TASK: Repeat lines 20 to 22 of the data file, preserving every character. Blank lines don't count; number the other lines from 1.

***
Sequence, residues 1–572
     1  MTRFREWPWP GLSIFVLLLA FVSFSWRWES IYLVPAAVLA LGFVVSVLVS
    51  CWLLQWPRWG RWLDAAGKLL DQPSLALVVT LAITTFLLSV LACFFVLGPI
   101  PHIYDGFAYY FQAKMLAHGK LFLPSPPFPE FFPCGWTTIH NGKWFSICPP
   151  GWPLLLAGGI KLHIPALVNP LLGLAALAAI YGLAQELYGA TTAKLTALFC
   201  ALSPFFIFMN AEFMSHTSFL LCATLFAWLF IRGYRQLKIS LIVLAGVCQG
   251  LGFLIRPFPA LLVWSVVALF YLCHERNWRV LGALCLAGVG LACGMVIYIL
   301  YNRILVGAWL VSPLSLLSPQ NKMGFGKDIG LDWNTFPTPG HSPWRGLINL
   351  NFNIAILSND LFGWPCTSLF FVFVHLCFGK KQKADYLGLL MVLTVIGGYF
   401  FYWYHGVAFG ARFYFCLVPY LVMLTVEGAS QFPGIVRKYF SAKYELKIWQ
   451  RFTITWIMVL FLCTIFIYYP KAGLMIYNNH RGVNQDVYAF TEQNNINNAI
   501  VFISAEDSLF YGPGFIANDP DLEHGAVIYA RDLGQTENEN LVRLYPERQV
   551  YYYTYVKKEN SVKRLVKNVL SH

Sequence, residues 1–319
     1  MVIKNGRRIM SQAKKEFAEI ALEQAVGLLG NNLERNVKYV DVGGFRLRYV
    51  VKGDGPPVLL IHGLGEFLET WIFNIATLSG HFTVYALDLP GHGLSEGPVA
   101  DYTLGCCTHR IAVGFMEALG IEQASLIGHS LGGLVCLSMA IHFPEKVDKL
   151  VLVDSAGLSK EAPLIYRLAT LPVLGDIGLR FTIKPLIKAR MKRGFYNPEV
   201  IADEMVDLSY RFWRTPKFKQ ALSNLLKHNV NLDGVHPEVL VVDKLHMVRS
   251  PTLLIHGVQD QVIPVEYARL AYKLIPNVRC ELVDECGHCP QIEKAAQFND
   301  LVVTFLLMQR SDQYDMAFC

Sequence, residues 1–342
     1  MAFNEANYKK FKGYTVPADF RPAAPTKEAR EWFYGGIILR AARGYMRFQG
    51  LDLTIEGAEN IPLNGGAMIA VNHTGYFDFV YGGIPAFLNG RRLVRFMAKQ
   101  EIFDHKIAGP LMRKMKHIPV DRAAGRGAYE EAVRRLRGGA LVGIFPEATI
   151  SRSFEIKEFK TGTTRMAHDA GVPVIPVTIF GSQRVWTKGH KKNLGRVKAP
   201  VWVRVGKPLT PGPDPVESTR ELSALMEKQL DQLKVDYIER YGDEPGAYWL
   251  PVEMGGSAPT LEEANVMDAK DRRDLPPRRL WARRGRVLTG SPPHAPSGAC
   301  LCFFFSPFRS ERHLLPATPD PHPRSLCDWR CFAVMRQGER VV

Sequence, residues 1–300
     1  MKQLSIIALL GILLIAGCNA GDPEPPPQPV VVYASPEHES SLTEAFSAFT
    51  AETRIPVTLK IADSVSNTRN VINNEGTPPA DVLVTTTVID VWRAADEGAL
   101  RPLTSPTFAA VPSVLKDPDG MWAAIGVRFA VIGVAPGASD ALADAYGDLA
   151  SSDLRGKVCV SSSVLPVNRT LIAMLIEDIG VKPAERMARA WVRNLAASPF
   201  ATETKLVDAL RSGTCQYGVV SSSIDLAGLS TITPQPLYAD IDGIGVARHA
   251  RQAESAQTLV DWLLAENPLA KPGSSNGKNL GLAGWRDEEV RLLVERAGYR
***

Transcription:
   251  PTLLIHGVQD QVIPVEYARL AYKLIPNVRC ELVDECGHCP QIEKAAQFND
   301  LVVTFLLMQR SDQYDMAFC

Sequence, residues 1–342